Expectations around ejaculation and sex drive in men. Many women have certain perceptions influenced by social conditioning about what men should and shouldn't be doing, feeling and experiencing. I was in a group recently and a woman asked the question below. Read on for my response.
"I have been seeing my partner for nearly a year now and I am wondering if I should be concerned. He didn't ejaculate last night. When he has been drinking he hasn't ejaculated but last night he wasn't drinking. I feel like I have done something wrong. He is 27 years old and I think he has a low sex drive. We have spoken about this as well as talking about him not really wanting to touch me. This makes me feel not so good about myself."
My reply was...
I feel that there are a variety of points to this. I’d like to start first off speaking about your partner.
We are conditioned in society to believe that men always want it and are ready for action at anytime day or night. This isn’t true. Their libido fluctuates like ours depending on the day, month and season, literally.
What these expectations can do for men is put unnecessary pressure on them to always perform and be ready for action and this can affect their confidence and how they relate to their own sense of masculinity.
A man’s physical and mental health can affect their libido like it can for us. There’s a delicate play between the sympathetic and parasympathetic nervous system when it comes to arousal and ejaculation, so if he’s under chronic stress then this could influence his vagal tone and therefore ability to go from the 2 states of the nervous system.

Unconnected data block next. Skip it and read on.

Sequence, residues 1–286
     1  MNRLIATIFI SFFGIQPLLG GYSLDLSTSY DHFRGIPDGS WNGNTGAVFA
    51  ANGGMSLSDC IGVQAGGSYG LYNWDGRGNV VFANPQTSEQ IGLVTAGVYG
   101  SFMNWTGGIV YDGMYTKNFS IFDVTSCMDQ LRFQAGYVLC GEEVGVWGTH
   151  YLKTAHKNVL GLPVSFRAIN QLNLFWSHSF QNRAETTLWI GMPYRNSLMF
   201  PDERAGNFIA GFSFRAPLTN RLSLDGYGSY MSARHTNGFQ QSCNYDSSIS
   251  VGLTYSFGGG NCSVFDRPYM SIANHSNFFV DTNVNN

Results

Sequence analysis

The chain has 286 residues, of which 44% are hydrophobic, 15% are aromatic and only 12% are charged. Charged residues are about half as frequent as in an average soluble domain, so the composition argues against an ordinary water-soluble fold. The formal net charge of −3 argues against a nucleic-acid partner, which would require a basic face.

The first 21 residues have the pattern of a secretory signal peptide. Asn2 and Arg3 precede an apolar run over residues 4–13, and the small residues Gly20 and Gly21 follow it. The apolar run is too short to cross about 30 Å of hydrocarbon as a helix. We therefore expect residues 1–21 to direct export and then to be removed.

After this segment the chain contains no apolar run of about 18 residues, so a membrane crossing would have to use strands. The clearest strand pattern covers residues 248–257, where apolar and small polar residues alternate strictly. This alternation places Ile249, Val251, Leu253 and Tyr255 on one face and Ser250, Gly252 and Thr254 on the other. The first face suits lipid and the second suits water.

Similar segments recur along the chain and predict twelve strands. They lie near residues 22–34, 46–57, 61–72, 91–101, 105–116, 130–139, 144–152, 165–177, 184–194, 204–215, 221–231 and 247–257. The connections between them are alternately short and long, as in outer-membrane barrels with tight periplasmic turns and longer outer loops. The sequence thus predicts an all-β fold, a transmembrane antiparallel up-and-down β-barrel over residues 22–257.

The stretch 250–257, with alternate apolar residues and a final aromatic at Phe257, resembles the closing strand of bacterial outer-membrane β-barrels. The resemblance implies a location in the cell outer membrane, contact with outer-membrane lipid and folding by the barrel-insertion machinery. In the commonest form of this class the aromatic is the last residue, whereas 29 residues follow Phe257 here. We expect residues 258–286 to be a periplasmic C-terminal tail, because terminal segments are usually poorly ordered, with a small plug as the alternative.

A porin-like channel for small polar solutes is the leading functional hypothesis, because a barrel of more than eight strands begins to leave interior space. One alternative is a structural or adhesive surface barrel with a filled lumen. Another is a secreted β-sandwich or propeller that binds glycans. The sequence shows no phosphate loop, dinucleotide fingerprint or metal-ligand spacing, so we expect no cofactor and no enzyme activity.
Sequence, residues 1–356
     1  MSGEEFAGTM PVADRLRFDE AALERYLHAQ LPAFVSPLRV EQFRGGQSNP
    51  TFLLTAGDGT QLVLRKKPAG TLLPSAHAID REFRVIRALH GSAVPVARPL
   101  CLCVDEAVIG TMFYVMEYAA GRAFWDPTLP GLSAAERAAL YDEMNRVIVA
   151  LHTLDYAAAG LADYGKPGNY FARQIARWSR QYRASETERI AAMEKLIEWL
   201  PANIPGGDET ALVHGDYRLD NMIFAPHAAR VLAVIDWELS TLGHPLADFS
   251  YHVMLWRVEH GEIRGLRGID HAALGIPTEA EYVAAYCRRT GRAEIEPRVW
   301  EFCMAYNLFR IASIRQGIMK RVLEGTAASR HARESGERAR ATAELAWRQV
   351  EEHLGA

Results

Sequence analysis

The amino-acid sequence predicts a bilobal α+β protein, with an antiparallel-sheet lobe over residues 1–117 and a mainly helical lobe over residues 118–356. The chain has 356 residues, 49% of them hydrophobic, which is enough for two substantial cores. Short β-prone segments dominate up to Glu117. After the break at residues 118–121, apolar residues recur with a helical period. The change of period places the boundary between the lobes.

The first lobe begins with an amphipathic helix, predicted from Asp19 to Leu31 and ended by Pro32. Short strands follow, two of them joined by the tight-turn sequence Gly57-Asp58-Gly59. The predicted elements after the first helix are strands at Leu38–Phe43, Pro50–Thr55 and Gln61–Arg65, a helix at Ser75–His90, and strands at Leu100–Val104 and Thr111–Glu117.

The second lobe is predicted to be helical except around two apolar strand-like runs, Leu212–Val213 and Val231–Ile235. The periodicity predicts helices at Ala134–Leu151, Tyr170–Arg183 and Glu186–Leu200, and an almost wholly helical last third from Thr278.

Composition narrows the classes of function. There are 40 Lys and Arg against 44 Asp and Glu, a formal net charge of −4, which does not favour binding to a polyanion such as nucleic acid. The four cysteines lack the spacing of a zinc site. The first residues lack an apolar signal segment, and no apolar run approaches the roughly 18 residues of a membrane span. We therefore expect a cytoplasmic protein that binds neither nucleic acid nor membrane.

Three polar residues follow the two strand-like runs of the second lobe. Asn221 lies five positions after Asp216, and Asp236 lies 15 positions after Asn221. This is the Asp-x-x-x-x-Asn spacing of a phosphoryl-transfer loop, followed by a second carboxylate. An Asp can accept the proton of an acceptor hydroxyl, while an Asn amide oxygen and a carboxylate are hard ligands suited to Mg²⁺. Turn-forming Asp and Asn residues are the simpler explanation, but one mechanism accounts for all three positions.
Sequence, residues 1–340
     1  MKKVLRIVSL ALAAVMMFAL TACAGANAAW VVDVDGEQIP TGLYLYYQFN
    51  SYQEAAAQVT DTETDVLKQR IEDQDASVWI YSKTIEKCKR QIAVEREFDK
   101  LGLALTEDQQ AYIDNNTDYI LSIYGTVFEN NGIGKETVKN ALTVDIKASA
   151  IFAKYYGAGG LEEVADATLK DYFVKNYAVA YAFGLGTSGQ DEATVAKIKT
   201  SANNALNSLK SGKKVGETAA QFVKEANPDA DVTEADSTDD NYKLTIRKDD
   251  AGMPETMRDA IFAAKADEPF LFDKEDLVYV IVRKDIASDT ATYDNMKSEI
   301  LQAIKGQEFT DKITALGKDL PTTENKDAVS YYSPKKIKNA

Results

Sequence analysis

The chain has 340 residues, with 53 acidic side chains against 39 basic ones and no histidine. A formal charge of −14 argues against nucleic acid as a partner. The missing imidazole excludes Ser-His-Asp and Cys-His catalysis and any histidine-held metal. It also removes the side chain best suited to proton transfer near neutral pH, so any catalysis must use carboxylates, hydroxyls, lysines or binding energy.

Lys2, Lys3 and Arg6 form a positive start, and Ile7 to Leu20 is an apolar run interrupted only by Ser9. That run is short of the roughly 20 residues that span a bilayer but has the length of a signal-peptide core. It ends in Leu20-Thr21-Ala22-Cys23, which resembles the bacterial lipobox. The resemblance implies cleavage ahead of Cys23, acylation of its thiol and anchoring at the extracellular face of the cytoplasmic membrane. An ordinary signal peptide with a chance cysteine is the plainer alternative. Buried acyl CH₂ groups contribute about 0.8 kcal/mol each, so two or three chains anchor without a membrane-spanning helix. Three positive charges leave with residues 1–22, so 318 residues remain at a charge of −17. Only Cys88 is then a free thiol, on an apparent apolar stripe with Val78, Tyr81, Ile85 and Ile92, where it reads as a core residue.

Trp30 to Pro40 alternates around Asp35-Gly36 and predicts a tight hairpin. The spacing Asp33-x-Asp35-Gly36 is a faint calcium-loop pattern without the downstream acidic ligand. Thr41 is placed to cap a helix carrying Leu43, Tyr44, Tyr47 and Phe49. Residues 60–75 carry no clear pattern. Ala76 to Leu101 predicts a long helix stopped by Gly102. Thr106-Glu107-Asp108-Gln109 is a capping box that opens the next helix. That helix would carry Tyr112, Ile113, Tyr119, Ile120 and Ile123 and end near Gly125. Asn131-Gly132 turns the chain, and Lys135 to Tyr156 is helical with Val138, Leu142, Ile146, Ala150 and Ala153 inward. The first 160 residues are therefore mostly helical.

His ability to be in his body and connect to sensations can affect his access to pleasure but also to orgasm too as there needs to be a certain amount of surrender and letting go. If he senses there is some disappointment somewhere, this can influence his ability to ‘let go’.
It may be a sign of some other health issue, and if he feels that there may be something else going on it may be an idea to get his health checked. Issues which can affect a man's sexual function can be hugely varied such as cardiovascular, lymphatic, neurological, hormonal, pelvic, etc.
I think open communication about how he is experiencing sex, with no finger pointing of what you think he should be doing might be supportive.
We grow up in our childhood with particular stories we create about ourselves and unconsciously look for situations which validate them such as low self-esteem, not being good enough, not being attractive enough, our bodies not being the right shape, etc
What you are feeling is valid and I witness you in that.
The invitation here is to understand what are you making your partner’s situation mean about you? What programming from your childhood is running the story? Do you know you can change your story at any time? You can choose to respond differently to this situation and this can feel so empowering to start exploring this. As it will affect not just your sex life but will creep into other areas of your life too.
With regarding not feeling loved due to not being touched, I am wondering if you have looked at your Love Languages? He may be showing you love but in a language that isn’t ‘yours’. It seems from your reply that your love language is physical touch.
The others are:
Acts of Service
Words of Affirmation
Much love to you
Carla Crivaro is a trauma-informed and certified Sex, Love & Relationship Coach, she works with men and women internationally to reach their goals in delicious sex, profound love and authentic relationships. Carla helps men and women understand themselves and each other, sexually and relationally, in and out of the bedroom. You can reach her at firstname.lastname@example.org.
Other articles which are supportive around this topic are: